Robert Abela has hailed the arraignment of two men accused of supplying the bomb that killed journalist Daphne Caruana Galizia as evidence that there is rule of law in Malta.

However, the prime minister refused to be drawn on whether he could rule out political involvement in the 2017 assassination. 

He was reacting after Robert Agius and Jamie Vella were charged with complicity in the murder and forming part of a criminal gang during a late night arraignment on Wednesday. 

Vella was also charged with another murder - that of lawyer Carmel Chircop, who was gunned down in a Birkirkara garage in 2015. A third man, Agius' brother, Adrian, was charged with masterminding that assassination.

Watch the news conference:

Abela said that the fact that police have charged more people "continues to confirm how much the institutions are working" and said there is "no doubt that what happened this week confirms that there is rule of law in Malta".

Thanking the police commissioner and the attorney general for their work, he added: "anyone who thinks they can enjoy impunity is wrong."

He said he promised that his administration would provide all the necessary resources and a place to work without political intrusion. 

"I confirmed this by the decisions I took in recent months. The police commissioner was selected after a public call, we reformed the judiciary selection process, I gave up a number of powers as PM, and we implemented good governance laws," he said.

He concluded his brief statement with declaring his government "a force in favour of what is good".

Abela was twice asked if he could rule out the involvement of politicians in the murder, but did not answer the question, instead reflecting on cabinet's decision to grant a pardon in relation to the Carmel Chircop case.

He said this was done after the police commissioner and attorney general gave reasons why a plea bargain should be accepted. 

He repeated that Muscat made two requests and that the first time, advice was to deny, the second time, it was to approve.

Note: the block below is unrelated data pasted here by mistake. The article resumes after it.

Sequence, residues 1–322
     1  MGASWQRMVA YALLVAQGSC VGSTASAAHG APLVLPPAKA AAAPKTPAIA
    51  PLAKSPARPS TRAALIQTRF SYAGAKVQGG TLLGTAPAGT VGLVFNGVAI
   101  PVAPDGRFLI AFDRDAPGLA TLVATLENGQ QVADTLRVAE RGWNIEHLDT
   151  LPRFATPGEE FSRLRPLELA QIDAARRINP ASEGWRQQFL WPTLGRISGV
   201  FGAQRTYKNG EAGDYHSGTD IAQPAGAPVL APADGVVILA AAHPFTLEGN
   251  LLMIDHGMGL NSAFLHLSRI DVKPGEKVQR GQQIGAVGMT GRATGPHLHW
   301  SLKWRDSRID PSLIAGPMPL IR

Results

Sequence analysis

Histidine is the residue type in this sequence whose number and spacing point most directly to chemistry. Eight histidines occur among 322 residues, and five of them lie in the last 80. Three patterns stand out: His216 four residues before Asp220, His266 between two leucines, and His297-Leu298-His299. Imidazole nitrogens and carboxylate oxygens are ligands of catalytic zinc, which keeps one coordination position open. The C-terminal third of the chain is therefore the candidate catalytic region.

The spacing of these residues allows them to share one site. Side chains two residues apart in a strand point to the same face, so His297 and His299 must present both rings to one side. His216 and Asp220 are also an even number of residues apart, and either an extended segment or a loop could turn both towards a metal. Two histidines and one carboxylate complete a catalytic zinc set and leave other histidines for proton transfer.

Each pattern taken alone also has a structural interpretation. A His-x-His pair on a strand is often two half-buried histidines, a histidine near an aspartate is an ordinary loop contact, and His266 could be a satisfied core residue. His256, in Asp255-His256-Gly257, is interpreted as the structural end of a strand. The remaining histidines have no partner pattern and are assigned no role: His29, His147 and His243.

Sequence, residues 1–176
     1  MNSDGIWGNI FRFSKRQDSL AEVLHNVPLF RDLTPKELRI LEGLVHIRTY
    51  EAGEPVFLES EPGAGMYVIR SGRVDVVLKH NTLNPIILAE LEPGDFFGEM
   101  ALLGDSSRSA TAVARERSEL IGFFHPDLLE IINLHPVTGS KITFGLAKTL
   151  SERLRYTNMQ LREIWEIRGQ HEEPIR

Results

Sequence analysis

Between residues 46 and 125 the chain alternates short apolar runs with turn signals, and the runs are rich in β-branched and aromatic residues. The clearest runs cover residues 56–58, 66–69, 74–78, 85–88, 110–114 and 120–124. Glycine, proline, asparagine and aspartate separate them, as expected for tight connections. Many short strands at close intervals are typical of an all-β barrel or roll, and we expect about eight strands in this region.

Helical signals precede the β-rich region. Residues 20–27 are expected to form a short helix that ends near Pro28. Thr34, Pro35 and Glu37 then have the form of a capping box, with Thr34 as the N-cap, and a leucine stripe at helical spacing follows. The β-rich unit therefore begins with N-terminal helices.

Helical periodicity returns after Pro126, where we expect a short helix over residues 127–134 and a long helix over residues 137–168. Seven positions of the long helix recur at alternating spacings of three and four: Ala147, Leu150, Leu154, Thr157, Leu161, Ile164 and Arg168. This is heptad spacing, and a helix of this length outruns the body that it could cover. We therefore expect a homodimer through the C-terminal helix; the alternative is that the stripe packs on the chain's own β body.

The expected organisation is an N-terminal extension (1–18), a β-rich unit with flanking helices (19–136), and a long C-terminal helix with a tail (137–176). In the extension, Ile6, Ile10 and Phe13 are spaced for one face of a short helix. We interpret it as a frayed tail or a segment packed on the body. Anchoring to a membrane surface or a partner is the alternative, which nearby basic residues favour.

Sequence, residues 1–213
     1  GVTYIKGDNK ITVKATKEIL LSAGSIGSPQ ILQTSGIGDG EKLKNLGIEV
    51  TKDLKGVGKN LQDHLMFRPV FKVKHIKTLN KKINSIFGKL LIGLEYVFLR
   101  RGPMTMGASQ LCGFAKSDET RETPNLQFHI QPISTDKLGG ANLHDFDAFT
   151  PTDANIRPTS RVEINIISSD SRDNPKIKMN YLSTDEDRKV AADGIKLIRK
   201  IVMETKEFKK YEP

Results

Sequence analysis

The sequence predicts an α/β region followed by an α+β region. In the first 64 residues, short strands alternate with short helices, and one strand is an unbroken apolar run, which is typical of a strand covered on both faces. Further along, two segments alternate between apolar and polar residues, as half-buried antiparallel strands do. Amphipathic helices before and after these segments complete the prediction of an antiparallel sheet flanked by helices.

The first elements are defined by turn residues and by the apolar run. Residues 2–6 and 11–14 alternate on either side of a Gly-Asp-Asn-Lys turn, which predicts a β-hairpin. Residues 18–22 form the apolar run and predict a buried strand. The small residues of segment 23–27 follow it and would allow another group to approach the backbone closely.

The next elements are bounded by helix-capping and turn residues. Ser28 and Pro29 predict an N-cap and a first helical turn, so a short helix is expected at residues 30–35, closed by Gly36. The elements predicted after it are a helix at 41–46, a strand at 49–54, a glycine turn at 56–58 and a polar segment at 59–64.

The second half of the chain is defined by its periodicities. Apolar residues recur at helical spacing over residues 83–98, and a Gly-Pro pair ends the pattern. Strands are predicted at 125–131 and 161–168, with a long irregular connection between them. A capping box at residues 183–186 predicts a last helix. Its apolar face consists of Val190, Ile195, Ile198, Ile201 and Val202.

"I believe that we have now started on the path towards full justice for Daphne and her family and I look forward to this country moving forward," he said.

PM 'should not seek credit'

In a reaction, the ADPD party said Robert Abela is trying hard, through repeatedly calling press conferences, to take credit for the development in the Daphne Caruna Galizia case.

ADPD chairperson Carmel Cacopardo said:”The Prime Minister has no right to take credit for the work of the Police Force in registering another development in the case of the assassination of Daphne Caruana Galizia. If the Prime Minister wants credit, then he should unwind the Electrogas deal, hold Vitals to account on the hospitals deal, and generally do a root an branch investigation of every single transaction which Joseph Muscat, Keith Schembri and Konrad Mizzi were involved in during their tenure.”

Cacopardo said the assassination of Caruana Galizia did not happen out of the blue but against a background of institutionalised and industrial scale corruption.

"It is now up to the prime minister to deal with the background that led to the assassination. Ignoring that background and its illicit fruits means endorsing it. It is clear that a Maltese mafia has been tolerated and left to operate undisturbed for years on end.” 

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